Thursday, April 19, 1945
WILFONG S-1c, USN
Mr. and Mrs. Jess Wilfong, of Boyer, have been notified that their son, Seaman First Class Dale Edker Wilfong, USN, was killed in action on March 30 in the Atlantic area. Also surviving are two brothers, both of Boyer.
Our Army and Navy Boys
On last Wednesday, Mr. and Mrs. Albert W. Bussard, of Mill Gap, Virginia, formerly of Frost, received notice that their son, Sergeant Eugene P. Bussard, was missing in action in Germany as of March 24, 1945. Sergeant Bussard was a radio technician on a B-17 bomber. His age was 24 years. He had been in service over three years.
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Mrs. Abbie McPaters, of Marlinton, has been notified by the War Department that her son, Private First Class Oliver C. McPaters, who is serving with the United States Army in Italy, had been slightly wounded on March 28 while in action… PFC McPaters has been serving overseas since October 1943 and this is the third time he has been wounded.
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Mr. and Mrs. M. F. Jeffries received the following telegram last week from their son, Ira Jeffries, who was recently liberated from a Japanese prison camp: “Arrived at Letterman General Hospital, San Francisco, April 10th. Expect to be home within ten days. Health good. I expect telegram soon. Love, Ira”
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Private Buford Doyle, convalescent from wounds received in action, now stationed at Camp Pickett, Virginia, is at his home at Mace on a sixty-day furlough. Last October 23, while fighting with the First Army in Germany, he received about a dozen wounds from a high explosive shell.
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Sergeant Earl W. (Barney) Slavin and Hildie Hudson Sheets, who were liberated by the Russians on January 31st from a German Prisoner of War Camp, arrived home on Tuesday. Both were in good spirits and apparently good health.
RED CROSS WAR FUND
Miss Jeanne McCutcheon, Army Nurse, writes to her mother, Mrs. L. C. McCutcheon, as follows, of the importance of Red Cross work among prisoners of war:
“We have 50 patients, Americans, now, who have been prisoners of war in Germany from one to two years. They tell interesting tales. They were in a camp fifty miles from Berlin and were liberated by the Russians. One patient I have in charge lost in weight from 225 to 130 pounds and said all that kept them alive was the packages they received from the American Red Cross. They are so thankful for anything we do for them.”
United National Clothing Drive
The Woman’s Club of Marlinton is spearheading the drive for clothing in Pocahontas County through the latter part of April to the first of May. …
Now is the time to clean out your clothes closets and see “what you can spare, that they can wear,” these destitute people of the war zones.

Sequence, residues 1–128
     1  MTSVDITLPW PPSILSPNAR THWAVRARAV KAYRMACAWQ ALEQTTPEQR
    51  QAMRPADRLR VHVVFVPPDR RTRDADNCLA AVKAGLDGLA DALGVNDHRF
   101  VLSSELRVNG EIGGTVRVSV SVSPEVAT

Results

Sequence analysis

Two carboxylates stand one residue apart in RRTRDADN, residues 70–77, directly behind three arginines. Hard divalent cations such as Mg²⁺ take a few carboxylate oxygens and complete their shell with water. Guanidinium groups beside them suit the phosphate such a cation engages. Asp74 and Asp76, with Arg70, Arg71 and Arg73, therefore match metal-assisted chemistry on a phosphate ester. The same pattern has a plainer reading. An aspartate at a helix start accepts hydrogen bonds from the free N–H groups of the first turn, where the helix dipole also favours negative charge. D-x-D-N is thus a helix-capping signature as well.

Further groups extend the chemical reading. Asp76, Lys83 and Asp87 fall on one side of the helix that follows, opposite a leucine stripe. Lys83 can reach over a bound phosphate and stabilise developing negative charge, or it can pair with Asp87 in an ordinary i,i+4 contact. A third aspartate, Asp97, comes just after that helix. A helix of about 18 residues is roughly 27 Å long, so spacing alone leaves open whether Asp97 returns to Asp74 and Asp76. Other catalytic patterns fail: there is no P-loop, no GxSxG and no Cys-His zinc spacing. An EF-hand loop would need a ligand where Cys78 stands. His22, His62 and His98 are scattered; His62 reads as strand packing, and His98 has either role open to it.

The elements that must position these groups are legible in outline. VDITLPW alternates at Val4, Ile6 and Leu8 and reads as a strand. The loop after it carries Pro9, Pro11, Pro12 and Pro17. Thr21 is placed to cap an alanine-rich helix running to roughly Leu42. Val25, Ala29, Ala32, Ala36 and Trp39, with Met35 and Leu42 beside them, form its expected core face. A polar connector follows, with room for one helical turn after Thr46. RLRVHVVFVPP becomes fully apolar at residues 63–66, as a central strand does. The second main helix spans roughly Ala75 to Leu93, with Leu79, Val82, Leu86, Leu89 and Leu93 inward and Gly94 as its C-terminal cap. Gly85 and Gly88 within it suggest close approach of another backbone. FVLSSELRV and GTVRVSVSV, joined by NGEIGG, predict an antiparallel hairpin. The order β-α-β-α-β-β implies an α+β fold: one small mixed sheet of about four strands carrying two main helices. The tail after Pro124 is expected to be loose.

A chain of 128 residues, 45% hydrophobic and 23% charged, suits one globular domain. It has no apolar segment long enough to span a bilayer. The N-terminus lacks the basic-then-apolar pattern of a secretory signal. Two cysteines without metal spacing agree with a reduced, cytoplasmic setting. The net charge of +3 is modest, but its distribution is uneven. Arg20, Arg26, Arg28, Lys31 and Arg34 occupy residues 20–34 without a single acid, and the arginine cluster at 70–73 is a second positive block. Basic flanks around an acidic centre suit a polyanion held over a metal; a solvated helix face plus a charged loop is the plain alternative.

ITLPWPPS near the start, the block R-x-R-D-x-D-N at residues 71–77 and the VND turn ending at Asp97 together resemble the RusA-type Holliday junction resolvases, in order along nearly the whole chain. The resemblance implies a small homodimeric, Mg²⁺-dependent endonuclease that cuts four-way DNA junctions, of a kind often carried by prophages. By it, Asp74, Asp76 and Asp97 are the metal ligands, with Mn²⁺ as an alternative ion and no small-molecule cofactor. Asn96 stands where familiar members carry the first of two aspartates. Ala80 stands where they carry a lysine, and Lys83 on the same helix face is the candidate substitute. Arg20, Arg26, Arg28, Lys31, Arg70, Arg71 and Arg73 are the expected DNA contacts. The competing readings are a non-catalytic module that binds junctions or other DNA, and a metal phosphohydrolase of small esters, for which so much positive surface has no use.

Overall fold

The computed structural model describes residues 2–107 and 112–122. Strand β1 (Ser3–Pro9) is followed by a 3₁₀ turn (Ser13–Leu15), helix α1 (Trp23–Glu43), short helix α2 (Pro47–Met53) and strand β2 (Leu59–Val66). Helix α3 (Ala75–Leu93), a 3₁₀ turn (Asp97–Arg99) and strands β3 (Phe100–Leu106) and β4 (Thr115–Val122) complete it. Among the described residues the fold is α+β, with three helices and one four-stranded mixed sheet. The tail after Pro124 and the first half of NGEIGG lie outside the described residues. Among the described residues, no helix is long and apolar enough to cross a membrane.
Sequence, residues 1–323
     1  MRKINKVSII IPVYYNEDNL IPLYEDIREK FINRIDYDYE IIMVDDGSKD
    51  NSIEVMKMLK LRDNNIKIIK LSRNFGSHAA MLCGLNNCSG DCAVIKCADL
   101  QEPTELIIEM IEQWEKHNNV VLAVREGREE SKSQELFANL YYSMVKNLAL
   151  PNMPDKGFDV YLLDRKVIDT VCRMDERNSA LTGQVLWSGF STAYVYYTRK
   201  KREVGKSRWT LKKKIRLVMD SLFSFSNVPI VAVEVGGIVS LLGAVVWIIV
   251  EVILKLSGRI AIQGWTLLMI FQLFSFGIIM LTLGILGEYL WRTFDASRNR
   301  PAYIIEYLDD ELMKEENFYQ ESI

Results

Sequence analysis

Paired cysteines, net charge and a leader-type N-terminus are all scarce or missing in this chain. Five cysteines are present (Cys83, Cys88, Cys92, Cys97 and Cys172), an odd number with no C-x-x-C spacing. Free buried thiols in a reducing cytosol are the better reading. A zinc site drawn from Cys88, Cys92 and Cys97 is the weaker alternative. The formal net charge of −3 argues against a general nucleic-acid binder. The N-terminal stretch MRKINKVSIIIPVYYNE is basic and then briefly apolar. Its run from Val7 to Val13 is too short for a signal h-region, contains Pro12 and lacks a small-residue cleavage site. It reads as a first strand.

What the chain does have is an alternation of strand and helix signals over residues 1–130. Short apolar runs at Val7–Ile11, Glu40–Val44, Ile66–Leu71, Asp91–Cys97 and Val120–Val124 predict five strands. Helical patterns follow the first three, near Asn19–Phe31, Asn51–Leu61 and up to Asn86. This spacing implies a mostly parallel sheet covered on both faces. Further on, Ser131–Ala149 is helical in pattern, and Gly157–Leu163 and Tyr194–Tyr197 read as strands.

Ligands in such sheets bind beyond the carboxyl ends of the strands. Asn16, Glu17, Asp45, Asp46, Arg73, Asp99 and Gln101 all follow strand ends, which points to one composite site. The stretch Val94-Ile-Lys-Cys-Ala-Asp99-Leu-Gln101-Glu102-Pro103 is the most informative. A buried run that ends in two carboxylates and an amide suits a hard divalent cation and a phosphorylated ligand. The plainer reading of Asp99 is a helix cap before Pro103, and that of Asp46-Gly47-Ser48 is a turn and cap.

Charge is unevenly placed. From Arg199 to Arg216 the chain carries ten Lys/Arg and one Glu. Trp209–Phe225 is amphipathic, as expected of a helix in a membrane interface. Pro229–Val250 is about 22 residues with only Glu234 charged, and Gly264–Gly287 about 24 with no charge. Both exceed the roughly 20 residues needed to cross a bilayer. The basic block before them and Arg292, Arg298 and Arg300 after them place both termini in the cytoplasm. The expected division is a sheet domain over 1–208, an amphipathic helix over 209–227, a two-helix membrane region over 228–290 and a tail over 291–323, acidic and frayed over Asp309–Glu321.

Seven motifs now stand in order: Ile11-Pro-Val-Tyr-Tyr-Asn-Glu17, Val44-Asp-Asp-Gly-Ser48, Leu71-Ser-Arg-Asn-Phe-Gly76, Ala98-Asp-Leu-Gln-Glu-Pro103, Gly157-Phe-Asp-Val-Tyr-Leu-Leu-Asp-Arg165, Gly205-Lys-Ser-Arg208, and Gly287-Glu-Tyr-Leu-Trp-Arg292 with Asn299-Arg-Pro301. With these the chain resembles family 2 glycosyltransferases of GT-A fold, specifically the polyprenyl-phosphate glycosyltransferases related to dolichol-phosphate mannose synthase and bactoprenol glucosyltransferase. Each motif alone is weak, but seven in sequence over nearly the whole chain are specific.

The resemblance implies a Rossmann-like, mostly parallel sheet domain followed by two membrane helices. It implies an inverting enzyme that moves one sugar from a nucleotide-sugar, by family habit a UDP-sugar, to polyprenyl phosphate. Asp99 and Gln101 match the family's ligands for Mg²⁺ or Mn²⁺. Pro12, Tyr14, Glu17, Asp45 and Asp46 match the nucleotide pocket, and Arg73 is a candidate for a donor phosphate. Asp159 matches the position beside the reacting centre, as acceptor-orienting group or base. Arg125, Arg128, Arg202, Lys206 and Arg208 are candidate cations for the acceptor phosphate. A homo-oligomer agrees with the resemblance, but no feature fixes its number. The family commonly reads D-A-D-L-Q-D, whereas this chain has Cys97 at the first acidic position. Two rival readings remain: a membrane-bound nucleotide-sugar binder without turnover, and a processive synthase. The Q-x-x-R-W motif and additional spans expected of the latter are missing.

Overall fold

The following letter is from J. G. Lightner, E. M. 1st c. Philippines Luzon Island
February 16, 1945
Dear Mr. Price;
I’ll tell you a little of my recent travels. I left the States for the second time on October 21, 1944, after ninety-four days aboard ships, I arrived in the Philippines. My unit took part in the Lingayen Gulf operations. I have seen some heavy artillery barrages.
Well, you have heard the song about the little white rat; down his hole he went. Well, I guess I resembled the white rat, as I only had my fox hole about half dug, when I entered it, ha!
The natives or Filipinos are very industrious people. Of course, they have to be, I guess to make a living. They are very much in need of clothing. They have been doing our laundry and they prefer clothing to money. They wash clothing by beating it with a paddle, but, oh, boy, they get them snow white.
The average Filipino family has two or three acres of rice land, a pig or two, a few chickens and maybe a couple caribou. They use the caribou as we do the oxen. They are much faster than the oxen, though. They move right on with a plow.
The native huts are built on stilts about six feet above the ground. Their principal food consists of rice, fish, bananas, sugar cane, pineapple and coconuts.
Well, as words are getting scarce, I’ll close for the time, I will tell you more about the Philippines when I see you, which I hope won’t be too far away…
Mrs. Grace Vanscoy Lang, aged 76, of Marlinton. Burial in the family plot in the Kerns cemetery in Randolph county. She is survived by her daughters Fleeta and Mabel Lang, and her son, Sgt. Maurice Lang, of the Air Service, United States Army…
Mrs. Mary Miller Hamrick, of Linwood, a daughter of the late Marion and Rebekah Cogar Smith. Burial in the Clover Lick Cemetery.
Mrs. Bertha Boswell Varner, aged 72 years, widow of the late S. S. Varner, of Marlinton. Burial in the Falling Springs cemetery.
Jesse Ray, aged 27, son of Mr. and Mrs. Forest Ray. He made his home with his grandmother, Mrs. Maturia Cochran. Burial in Mt. View Cemetery.
Sherman Gibson, son of Samuel and Fanny Hicks Gibson. He had spent his 78 years of life on the old Gibson homestead near Frost. He was a very prosperous farmer and stockman. His home is known far and wide for its hospitality. His home life was an inspiration. He was always ready to sympathize, counsel and advise; and enjoyed jokes and fun and playing pranks.
Rice Alexander Graves, Jr., was born January 28, 1870 in Bath County, Va., and departed this life March 30, 1945. He came to this community about 60 years ago. He united with the Wilson Chapel Methodist church and remained an active member until he passed…